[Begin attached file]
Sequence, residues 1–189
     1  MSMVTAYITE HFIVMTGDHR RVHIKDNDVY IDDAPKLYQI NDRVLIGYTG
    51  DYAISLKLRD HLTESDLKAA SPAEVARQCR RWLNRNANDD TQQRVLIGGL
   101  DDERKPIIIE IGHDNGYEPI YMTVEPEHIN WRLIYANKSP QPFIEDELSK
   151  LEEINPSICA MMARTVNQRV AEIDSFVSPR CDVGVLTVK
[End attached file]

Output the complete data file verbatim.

Sequence, residues 1–189
     1  MSMVTAYITE HFIVMTGDHR RVHIKDNDVY IDDAPKLYQI NDRVLIGYTG
    51  DYAISLKLRD HLTESDLKAA SPAEVARQCR RWLNRNANDD TQQRVLIGGL
   101  DDERKPIIIE IGHDNGYEPI YMTVEPEHIN WRLIYANKSP QPFIEDELSK
   151  LEEINPSICA MMARTVNQRV AEIDSFVSPR CDVGVLTVK